From hosting refugees from neighbouring states in the 1970s and early 1980s, Sudan has become a generator of forced migration on an unprecedented scale, creating the world’s largest crisis of human displacement. Since 1983, two million Sudanese have died as a result of conflict, about a million have fled to neighbouring countries, and some six million - one sixth of the population - have been displaced within the country.

Before 1989, displacement had been a secondary consequence of conflict. From the late 1980s the deliberate uprooting of local populations became a strategy for the conduct of war involving militia attacks on the ground, burning, looting and the abduction of women and children, coupled with bombardment from the air.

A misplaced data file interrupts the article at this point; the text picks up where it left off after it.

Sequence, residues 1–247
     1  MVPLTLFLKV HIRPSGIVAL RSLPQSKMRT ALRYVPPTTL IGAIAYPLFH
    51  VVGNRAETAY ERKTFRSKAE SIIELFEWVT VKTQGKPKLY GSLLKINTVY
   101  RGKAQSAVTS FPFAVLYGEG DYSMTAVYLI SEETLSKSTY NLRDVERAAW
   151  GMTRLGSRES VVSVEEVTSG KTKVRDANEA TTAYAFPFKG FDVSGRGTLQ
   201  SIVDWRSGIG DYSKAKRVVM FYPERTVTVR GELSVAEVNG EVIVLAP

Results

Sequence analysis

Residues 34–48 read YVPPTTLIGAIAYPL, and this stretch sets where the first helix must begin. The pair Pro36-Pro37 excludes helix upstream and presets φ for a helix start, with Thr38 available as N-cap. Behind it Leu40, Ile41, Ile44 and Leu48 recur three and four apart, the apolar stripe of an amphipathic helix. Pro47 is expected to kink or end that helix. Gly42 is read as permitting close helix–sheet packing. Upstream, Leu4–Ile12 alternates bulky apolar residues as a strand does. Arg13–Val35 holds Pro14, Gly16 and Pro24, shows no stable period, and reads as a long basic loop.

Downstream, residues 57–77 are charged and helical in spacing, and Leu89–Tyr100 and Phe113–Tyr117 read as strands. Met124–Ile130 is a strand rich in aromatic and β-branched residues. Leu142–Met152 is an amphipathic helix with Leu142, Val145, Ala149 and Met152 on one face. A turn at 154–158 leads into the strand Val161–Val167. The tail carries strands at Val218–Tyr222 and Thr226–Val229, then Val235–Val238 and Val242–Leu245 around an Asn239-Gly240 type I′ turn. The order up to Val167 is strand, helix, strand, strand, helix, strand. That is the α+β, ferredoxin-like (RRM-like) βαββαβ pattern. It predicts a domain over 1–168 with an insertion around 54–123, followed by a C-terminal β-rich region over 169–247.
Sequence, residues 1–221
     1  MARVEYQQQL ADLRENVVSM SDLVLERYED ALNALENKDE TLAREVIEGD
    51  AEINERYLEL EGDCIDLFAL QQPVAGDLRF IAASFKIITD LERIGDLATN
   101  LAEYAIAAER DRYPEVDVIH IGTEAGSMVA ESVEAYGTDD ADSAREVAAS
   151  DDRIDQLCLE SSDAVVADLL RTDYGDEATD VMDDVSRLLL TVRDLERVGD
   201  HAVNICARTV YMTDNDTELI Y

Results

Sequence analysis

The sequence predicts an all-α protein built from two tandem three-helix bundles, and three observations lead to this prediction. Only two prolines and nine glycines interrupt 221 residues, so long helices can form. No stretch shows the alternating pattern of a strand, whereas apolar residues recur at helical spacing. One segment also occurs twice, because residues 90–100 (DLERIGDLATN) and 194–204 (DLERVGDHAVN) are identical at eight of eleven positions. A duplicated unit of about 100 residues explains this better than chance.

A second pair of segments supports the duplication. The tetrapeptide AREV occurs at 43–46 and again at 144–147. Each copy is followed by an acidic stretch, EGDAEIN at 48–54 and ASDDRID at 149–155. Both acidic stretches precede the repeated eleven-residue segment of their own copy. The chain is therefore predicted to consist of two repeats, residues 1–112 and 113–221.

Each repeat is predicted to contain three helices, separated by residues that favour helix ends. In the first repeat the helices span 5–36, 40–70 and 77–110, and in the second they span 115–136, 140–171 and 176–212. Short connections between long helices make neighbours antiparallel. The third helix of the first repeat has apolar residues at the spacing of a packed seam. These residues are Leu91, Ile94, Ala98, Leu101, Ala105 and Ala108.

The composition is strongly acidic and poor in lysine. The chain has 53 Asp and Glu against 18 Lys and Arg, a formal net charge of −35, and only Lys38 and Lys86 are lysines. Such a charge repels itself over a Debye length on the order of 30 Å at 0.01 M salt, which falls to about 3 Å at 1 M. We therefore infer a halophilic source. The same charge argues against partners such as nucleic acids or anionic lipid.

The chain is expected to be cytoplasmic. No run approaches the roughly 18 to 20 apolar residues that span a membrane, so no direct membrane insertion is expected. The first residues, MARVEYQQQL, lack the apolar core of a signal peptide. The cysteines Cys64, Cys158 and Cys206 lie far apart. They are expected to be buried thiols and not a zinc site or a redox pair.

It's estimated fighting between rebel factions has displaced somewhere between 1.5 and 2 million people inside south Sudan. Hopes for resettlement after the January 2005 peace agreement have not been realised as South Sudan is still volatile and devoid of infrastructure. In Darfur, escalating violence continues to threaten the viability of aid operations, and prospects for return are limited. USAID has upwardly revised its figures of the number of affected and at-risk civilians to 2.2 million people.